228889 Physical Activity Reduces Risk Factors for Cardiovascular Disease in HIV-infected Individuals

Wednesday, November 10, 2010 : 12:30 PM - 12:45 PM

Gregory A. Hand, PhD MPH , Arnold School of Public Health, Department of Exercise Science, University of South Carolina, Columbia, SC
Jason R. Jaggers, MS , Arnold School of Public Health, Department of Exercise Science, University of South Carolina, Columbia, SC
Wesley D. Dudgeon, PhD, CSCS , Department of Health, Exercise, and Sport Science, The Citadel, Charleston, SC
Stephanie Burgess, PhD , College of Nursing, University of South Carolina, Columbia, SC
J. Larry Durstine, PhD , Department of Exercise Science, University of South Carolina, Columbia, SC
G. William Lyerly, MS, PhD , College of Natural and Applied Sciences, Coastal Carolina University, Conway, SC
Kenneth D. Phillips, PhD, RN , College of Nursing, University of Tennessee, Knoxville, TN
People living with HIV/AIDS (PLWHA) have a 70-80% higher risk for cardiovascular disease (CVD), and the risk may increase with age. Two major risk factors that are increased are low aerobic capacity (maximal VO2) and increased serum triglyceride levels. Purpose: To test the effect of moderate intensity physical activity on aerobic capacity and serum triglyceride levels in HIV-infected adult men and women. Methods: 114 individuals were randomized to a physical activity group (PA) or non-exercise control group (CON). PA participated in a 6-week program consisting of two weekly 30 minute bouts of moderate intensity physical activity and 30 minute bouts of resistance training. CON attended the research center for the equivalent amount of time and were allowed to read or watch television. A graded exercise stress test and blood analysis was performed before and after the physical activity program for each participant. Repeated measures ANOVA was used to compare variables within groups, with between group analysis using ANOVA/Tukey post-hoc analysis. Results: Baseline aerobic capacity across groups was approximately 25% below age and gender predicted levels. PA participants showed a 21% increase in aerobic capacity. Baseline blood analysis placed the average triglyceride level in the borderline high range. PA showed a significant reduction in triglyceride level (15570 to 11030 mg/dl) with no change in the CON participants. Conclusion: These results indicate that moderate intensity physical activity increases aerobic capacity and reduces serum triglyceride levels. The findings suggest that physical activity can significantly affect important risk factors for cardiovascular disease in PLWHA.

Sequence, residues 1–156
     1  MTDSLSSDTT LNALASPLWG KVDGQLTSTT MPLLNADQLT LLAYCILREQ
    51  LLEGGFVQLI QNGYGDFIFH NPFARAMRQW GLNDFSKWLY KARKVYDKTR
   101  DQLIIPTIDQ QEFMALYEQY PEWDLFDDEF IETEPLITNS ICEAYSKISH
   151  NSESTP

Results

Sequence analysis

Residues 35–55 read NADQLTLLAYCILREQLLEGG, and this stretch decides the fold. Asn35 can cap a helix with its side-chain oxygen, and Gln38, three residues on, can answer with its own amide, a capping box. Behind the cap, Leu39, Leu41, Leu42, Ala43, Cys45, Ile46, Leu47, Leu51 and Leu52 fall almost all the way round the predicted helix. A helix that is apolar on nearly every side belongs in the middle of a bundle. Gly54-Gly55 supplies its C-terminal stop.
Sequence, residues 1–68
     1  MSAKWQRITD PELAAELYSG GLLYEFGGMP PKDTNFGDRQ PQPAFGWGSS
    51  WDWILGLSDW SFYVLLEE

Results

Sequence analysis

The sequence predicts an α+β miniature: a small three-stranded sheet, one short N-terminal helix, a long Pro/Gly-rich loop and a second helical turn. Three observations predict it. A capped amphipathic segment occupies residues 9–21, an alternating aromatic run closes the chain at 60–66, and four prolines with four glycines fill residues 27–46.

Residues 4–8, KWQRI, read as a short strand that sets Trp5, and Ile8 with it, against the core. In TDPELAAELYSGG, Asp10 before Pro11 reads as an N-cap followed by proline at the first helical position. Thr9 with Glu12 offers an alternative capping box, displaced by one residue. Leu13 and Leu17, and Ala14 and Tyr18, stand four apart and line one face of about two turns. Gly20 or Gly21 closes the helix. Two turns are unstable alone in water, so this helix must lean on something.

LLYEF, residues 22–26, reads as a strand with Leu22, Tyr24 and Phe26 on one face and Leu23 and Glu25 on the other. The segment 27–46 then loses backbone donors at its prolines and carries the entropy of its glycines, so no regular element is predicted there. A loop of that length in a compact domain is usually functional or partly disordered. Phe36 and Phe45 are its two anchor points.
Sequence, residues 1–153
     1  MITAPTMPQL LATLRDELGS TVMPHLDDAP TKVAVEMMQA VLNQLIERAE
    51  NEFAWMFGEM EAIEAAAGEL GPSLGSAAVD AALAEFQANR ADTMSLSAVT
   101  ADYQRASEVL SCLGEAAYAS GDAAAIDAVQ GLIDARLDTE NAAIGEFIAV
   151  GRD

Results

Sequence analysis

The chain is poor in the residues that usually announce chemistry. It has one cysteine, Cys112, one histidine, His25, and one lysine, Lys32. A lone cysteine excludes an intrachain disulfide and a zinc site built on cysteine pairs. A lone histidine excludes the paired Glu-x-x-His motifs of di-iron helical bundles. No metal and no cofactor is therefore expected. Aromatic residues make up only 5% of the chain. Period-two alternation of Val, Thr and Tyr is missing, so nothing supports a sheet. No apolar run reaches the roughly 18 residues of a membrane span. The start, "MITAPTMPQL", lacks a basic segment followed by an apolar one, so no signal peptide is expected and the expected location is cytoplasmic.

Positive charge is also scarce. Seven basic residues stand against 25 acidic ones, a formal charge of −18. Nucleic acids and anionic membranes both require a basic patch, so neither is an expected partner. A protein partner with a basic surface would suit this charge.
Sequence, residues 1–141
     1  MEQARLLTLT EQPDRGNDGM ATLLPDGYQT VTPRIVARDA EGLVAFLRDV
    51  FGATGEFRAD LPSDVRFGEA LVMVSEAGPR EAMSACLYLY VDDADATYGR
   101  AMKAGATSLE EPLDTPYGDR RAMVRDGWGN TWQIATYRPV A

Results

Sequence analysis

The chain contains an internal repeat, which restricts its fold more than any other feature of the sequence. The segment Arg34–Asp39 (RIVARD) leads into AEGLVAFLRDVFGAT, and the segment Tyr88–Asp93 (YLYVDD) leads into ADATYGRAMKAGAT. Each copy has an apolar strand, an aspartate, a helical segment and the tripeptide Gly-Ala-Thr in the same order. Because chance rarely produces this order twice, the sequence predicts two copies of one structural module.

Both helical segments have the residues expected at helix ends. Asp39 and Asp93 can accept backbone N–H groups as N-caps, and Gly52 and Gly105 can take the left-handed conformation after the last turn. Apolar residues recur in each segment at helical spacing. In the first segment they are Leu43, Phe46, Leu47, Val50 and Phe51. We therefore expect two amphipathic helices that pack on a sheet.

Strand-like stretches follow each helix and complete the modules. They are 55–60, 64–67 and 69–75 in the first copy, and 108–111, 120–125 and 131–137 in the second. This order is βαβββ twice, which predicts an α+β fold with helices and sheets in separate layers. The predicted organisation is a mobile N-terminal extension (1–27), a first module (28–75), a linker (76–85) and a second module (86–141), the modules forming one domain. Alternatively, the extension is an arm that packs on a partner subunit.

Learning Areas:
Basic medical science applied in public health
Chronic disease management and prevention
Implementation of health education strategies, interventions and programs
Public health biology
Public health or related research

Learning Objectives:
1. Identify two significant cardiovascular risk factors in people living with HIV. 2. Describe the effect of physical activity on aerobic capacity and blood triglyceride levels in people living with HIV.

Keywords: HIV Interventions, Physical Activity

Presenting author's disclosure statement:

Qualified on the content I am responsible for because: This work was performed by my research group, and I am an expert in physical activity research in HIV-infected individuals.
Any relevant financial relationships? No

I agree to comply with the American Public Health Association Conflict of Interest and Commercial Support Guidelines, and to disclose to the participants any off-label or experimental uses of a commercial product or service discussed in my presentation.